7. Marais L, Ferreira N, Aldous C, et al. The management of chronic osteomyelitis: Part II – Principles of post-infective reconstruction and antibiotic therapy. SA Orthopaedic Journal. 2014;13(3):32–39.
  8. McNally M, Nagarajah K. Osteomyelitis. Orthopaedics and Trauma. 2010;24:416–429.
  9. Zimmerli W, Ochsner PE. Management of infection associated with prosthetic joints. 2003;31(2):99–108.
  10. Holleyman RJ, Baker P, Charlett A, et al. Microorganisms responsible for periprosthetic knee infections in England and Wales. Knee Surg Sports Traumatol Arthrosc. 2016;24(10):3080–3087.
  11. Arciola CR, An YH, Campoccia D, et al. Etiology of implant orthopedic infections: a survey on 1027 clinical isolates. Int J Artif Organs. 2005;28(11):1091–1100.
  12. Marais L, Ferreira N, Aldous C, et al. The management of chronic osteomyelitis: Part I - Diagnostic work-up and surgical principles. South African Orthopaedic Journal. 2014;13:42.
  13. Venter RG, Tanwar YS, Grey JP, et al. The management of chronic osteomyelitis in adults: outcomes of an integrated approach. SA Orthopaedic Journal. 2021;20(1):33–38.
  14. Metsemakers WJ, Kuehl R, Moriarty TF, et al. Infection after fracture fixation: Current surgical and microbiological concepts. 2018;49(3):511–522.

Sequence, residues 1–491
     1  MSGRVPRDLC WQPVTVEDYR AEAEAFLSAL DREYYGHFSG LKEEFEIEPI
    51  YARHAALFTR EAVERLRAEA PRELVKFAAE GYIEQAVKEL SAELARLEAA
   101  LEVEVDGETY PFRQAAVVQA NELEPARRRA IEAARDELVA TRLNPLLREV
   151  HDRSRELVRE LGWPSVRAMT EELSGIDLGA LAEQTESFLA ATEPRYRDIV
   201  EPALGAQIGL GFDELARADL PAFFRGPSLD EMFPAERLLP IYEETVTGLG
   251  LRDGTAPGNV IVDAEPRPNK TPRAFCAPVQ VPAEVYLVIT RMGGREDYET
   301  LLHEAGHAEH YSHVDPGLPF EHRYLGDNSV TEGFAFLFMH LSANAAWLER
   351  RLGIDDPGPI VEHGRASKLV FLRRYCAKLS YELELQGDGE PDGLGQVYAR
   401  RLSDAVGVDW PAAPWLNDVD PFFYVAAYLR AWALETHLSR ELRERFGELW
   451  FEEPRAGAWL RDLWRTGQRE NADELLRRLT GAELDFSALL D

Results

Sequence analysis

15. Aggarwal VK, Bakhshi H, Ecker NU, et al. Organism profile in periprosthetic joint infection: pathogens differ at two arthroplasty infection referral centers in Europe and in the United States. J Knee Surg. 2014;27(5):399–406.
  16. Puetzler J, Zalavras C, Moriarty TF, et al. Clinical practice in prevention of fracture-related infection: An international survey among 1197 orthopaedic trauma surgeons. 2019;50(6):1208–1215.
  17. Tuon FF, Cieslinski J, Ono AFM, et al. Microbiological profile and susceptibility pattern of surgical site infections related to orthopaedic trauma. Int Orthop. 2019;43(6):1309–1313.
  18. Vemu L, Sudhaharan S, Mamidi N, et al. Need for appropriate specimen for microbiology diagnosis of chronic osteomyelitis. J Lab Physicians. 2018;10(1):21–25.
  19. Bonnevialle P. Operative treatment of early infection after internal fixation of limb fractures (exclusive of severe open fractures). Orthop Traumatol Surg Res. 2017;103(1S):S67–S73.
  20. Pincher B, Fenton C, Jeyapalan R, et al. A systematic review of the single-stage treatment of chronic osteomyelitis. J Orthop Surg Res. 2019;14(1):393.
  21. Khosravi A, Ahmadi F, Salmanzade S, et al. Study of Bacteria Isolated from Orthopedic Implant Infections and their Antimicrobial Susceptibility Pattern. Research Journal of Microbiology. 2009;4(4):158–163.